Gary's '90 740 Turbo Wagon

In fall 2005 I happened to be looking around on craigslist during my lunch break at work and found a 90 745 Turbo listed up for really cheap, which already had some nice add-on's from IPD, but it was listed as parts, not running. Figuring I could easily make a few bucks parting it out, I went to look at it and inked a deal to come back the next day with a trailer and remainder of the cash. When I finally got it home I found the not running issue was seriously misdiagnosed by the shop he had look at it, so what he was told was a $2200 head gasket job ended up being a $5 valve spring and a half hour of labor. From there it was up and running, so with a little minor maintenance I started driving it...and fell in love with it. It then became my commuter so the 140 can stay safe at home, away from the parking lot wars, and I made the mistake of saying to quite a few people that 'this one will stay completely stock'. To this day those words haunt me.

This was my first turbo car, so of course the research began, which immediately meant a 3" exhaust, which of course needed a bigger turbo. Then came the better cam, which of course needed a fully built motor to be installed into (forged internals, fully balanced, ported big valved head), which of course needed a bigger yet turbo (2 different options I've been thru there, between a Dodge Cummins truck turbo to the current ball bearing Garrett). Those of course lead to a suspension rebuild with poly bushings, a lower chassis brace, and of course the need for bigger brakes. Found a deal on some used Wilwood calipers, but didn't want to go that route for the rotor hats, so I came up with a design to use factory S60R rotors. After that design a friend from the Turbobricks community loved the idea and made some for his insane project, which others have decided to purchase from him as well.

Gary's '90 740 Turbo Wagon

Over the last 10 years my wagon has brought me so much joy, even for a wagon. I swore when I was young I would never own one, now I could never not own one. It hauls things on a regular basis, and it hauls when I need it to. I've been out to the local 1/4 mile racetrack countless times over the last 5 years and always get the sneers and snickers from the crowd, until my second pass. After they see those times (current best is 13.5 at 105mph, with far better to be had down the road), then they come over and ask what this car has done to it, since it looks nearly stock under the hood.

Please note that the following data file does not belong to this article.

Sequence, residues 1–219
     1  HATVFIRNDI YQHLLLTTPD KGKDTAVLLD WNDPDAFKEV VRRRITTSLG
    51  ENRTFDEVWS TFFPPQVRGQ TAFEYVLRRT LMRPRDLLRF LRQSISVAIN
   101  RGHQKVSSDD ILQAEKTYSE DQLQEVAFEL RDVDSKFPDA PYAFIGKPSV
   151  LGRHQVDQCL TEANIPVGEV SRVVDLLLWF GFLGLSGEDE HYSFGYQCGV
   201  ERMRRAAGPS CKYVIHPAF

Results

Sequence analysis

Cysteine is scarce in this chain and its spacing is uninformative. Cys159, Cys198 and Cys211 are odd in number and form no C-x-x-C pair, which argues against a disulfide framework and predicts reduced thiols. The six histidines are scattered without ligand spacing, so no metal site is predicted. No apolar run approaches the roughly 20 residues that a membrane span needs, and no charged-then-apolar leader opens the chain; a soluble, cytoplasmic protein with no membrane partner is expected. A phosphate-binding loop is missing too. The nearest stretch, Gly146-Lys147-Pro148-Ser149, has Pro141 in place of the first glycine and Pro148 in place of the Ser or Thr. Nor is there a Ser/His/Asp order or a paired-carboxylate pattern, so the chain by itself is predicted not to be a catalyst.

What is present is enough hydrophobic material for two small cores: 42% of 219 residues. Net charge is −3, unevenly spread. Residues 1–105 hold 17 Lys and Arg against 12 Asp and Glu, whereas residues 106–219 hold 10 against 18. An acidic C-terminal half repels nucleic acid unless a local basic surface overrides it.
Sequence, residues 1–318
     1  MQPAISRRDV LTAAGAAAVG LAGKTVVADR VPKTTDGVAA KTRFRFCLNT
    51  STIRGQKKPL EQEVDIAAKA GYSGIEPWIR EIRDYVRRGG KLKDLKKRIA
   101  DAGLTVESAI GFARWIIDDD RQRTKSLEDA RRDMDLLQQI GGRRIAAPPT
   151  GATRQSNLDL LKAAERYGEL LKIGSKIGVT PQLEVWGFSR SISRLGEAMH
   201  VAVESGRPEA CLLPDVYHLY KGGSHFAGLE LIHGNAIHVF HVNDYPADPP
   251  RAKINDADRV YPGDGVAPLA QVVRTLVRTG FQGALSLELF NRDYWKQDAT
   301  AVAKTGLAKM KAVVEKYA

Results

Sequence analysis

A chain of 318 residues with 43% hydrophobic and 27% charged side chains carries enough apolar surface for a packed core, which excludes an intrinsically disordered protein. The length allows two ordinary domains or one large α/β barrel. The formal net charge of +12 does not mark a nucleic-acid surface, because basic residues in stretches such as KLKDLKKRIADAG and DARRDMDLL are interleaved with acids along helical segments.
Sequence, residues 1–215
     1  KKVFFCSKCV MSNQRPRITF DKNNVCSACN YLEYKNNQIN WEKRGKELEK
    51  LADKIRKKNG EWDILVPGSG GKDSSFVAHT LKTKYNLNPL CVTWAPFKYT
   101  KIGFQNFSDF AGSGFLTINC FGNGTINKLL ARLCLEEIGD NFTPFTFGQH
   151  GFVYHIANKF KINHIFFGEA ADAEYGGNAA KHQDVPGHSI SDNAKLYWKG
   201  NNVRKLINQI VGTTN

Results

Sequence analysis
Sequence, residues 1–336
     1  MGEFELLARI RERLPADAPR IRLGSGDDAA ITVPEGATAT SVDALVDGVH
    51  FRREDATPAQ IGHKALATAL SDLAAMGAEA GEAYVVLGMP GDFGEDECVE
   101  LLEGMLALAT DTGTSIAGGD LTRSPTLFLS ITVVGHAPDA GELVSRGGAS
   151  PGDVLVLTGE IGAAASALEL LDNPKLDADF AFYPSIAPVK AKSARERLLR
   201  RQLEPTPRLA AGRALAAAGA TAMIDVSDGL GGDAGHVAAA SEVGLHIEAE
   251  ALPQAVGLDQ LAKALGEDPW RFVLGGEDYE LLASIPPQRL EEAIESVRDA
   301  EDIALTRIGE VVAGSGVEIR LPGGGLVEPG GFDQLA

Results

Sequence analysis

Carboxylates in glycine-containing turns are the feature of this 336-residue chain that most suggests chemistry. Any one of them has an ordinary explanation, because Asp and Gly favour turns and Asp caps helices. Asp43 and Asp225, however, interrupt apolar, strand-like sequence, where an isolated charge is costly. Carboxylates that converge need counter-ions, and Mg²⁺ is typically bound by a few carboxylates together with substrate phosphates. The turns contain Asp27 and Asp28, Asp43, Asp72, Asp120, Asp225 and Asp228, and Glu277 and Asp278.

Gary's '74 144E and '96 850 R Wagon

Last but not least, the Volvo community actually lead me to meet my wife. Thru mutual friends, I organized a caravan to a local meet, and ended up chatting with my wife to be. I was gimped up with a broken leg from skiing while in the process of installing insulation, sheetrock, and repaint my living room so she came over to give me a hand with that and it was just meant to be. It also didn't hurt that she was driving a red 850R wagon, with her first car being a black 242 Turbo. After a few wonderful years she became my wife, and occasionally she even ventures along with me to a few of the events. As for her car, I've been tasked with leaving it mostly stock. She purchased it with modified suspension and an exhaust, but it has only received maintenance since then, along with a few 'while I'm in there' modifications.
After putting on over 160k on the 850R, we finally sold it at 296k, to a longtime friend and Volvo aficionado, but all is not lost. It's replacement is a baby, an 09 V50T5 AWD R-Design with just an almost broken in 83k. Let's see if that one can hit 300k!

That's the very abridged version. In case you didn't read all of that, a cliffs notes version...Hi, my name is Gary, and I'm a Volvo addict.